April 15th is not just a tax day for many New Yorkers. It is also the day that any gun owners in possession of a semi-automatic rifle (falsely called assault weapons by NY) will have to register their guns with the state in accordance with the SAFE Act.
But already there are many saying that this deadline will be completely disregarded and that the SAFE Act is unconstitutional and needs to be repealed.
Registration is equal to confiscation. How so? Under the SAFE Act law, after a semi-automatic rifle is registered with the state it cannot be transferred to a family member. It can only be turned into the police or out of state to another state where the gun is legal.
This means that after the owner of the gun dies the gun is essentially confiscated and any monetary value of the firearm is lost. The firearm cannot be passed down to a family member or given to family as part of an inheritance. If that’s not confiscation I don’t know what is.
The law requires any semi-automatic rifles with detachable magazines and at least one military style feature, like pistol grips or adjustable stocks, to be registered. This means the millions of New Yorkers who own the popular AR-15 rifles or rifles like it will be turned into felons over night if they fail to comply.
So far Governor Cuomo who pushed this law through has not specified how many have actually registered their firearms, but it’s clear so far that many are saying they will not register their guns.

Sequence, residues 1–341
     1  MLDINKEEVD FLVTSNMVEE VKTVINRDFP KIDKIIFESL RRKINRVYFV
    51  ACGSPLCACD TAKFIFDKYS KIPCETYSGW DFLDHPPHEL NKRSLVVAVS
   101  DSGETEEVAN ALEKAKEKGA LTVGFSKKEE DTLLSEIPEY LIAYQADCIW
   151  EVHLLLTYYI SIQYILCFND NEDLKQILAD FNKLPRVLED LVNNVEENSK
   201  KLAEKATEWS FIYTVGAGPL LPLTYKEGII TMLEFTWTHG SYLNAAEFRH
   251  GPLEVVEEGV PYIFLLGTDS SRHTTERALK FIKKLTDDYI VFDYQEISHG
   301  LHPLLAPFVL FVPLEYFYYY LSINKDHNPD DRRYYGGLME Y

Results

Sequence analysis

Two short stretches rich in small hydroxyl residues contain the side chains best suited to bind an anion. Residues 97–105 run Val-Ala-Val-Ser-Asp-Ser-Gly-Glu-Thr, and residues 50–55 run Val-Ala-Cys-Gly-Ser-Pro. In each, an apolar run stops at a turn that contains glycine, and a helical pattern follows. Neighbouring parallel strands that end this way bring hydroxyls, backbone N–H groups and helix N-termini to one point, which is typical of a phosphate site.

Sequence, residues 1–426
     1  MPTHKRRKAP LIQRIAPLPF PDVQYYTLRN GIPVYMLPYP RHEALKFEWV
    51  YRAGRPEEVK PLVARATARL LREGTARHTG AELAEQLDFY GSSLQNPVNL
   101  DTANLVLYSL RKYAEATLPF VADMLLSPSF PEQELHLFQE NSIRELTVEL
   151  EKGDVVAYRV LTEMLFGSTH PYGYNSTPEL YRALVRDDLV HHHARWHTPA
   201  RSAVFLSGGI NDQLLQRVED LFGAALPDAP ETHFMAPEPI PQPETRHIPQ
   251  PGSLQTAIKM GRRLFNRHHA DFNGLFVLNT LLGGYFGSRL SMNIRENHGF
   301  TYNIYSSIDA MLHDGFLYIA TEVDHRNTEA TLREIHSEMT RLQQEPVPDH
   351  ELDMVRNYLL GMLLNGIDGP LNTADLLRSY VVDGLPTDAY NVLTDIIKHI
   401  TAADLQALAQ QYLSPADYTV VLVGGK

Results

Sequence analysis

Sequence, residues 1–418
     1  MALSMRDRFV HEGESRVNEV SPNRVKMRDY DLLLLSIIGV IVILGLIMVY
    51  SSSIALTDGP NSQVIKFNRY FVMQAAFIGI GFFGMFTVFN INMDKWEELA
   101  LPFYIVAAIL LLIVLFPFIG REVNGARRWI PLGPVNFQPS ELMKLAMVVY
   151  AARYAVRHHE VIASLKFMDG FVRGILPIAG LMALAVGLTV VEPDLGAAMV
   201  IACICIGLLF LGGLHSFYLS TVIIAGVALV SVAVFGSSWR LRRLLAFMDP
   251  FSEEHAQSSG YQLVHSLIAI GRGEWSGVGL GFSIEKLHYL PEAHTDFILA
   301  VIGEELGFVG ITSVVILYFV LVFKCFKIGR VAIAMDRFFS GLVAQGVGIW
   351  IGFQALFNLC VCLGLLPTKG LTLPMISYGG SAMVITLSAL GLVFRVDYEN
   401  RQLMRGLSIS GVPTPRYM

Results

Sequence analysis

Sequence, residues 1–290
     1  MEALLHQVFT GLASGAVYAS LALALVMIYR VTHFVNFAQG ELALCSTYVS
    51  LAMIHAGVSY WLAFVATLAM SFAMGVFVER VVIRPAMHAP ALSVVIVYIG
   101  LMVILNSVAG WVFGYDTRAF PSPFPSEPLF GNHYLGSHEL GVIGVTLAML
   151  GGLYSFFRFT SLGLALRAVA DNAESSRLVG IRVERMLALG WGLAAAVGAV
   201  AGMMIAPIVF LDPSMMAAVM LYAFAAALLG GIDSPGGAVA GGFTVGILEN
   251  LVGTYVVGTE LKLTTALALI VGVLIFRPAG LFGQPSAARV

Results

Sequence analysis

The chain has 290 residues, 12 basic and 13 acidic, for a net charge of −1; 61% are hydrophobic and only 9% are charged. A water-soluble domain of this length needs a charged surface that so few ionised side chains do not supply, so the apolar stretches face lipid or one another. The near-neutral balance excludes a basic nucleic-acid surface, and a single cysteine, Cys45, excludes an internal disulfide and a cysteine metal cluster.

According to Syracuse.com,
“People are pretty much convinced once they get on this registration, the next time they’ll say they’ve got to turn them in,” said Stephen Aldstadt, president of the Shooters Committee on Political Education, who helped organize a protest at the Capitol last week against the law.
“I refuse to comply,” said Jeff Tutuska, a graphic artist from West Seneca who was among a few thousand at the Capitol protest. He held a sign saying: “I’d rather have it & not need it than need it & not have it.”
Reuben Tompkins, 59, of Greenville, said he didn’t know of anyone who planned to register a gun under the new law. “I hope nobody does,” he said.
Part of the New York penal code defines possession of a knowingly unregistered gun as a low-level felony. The misdemeanor carries up to a year in jail, the felony, up to four years in prison.
Then there is the question of how police will enforce this law. We already heard about at least one cop in CT who couldn’t wait to break down the doors of gun owners, but many would be reluctant to carry out such orders.
Karl Tompkins, 49, said the law itself is illegal and unconstitutional. “You’re supposed to obey the constitution. It’s un-American.”
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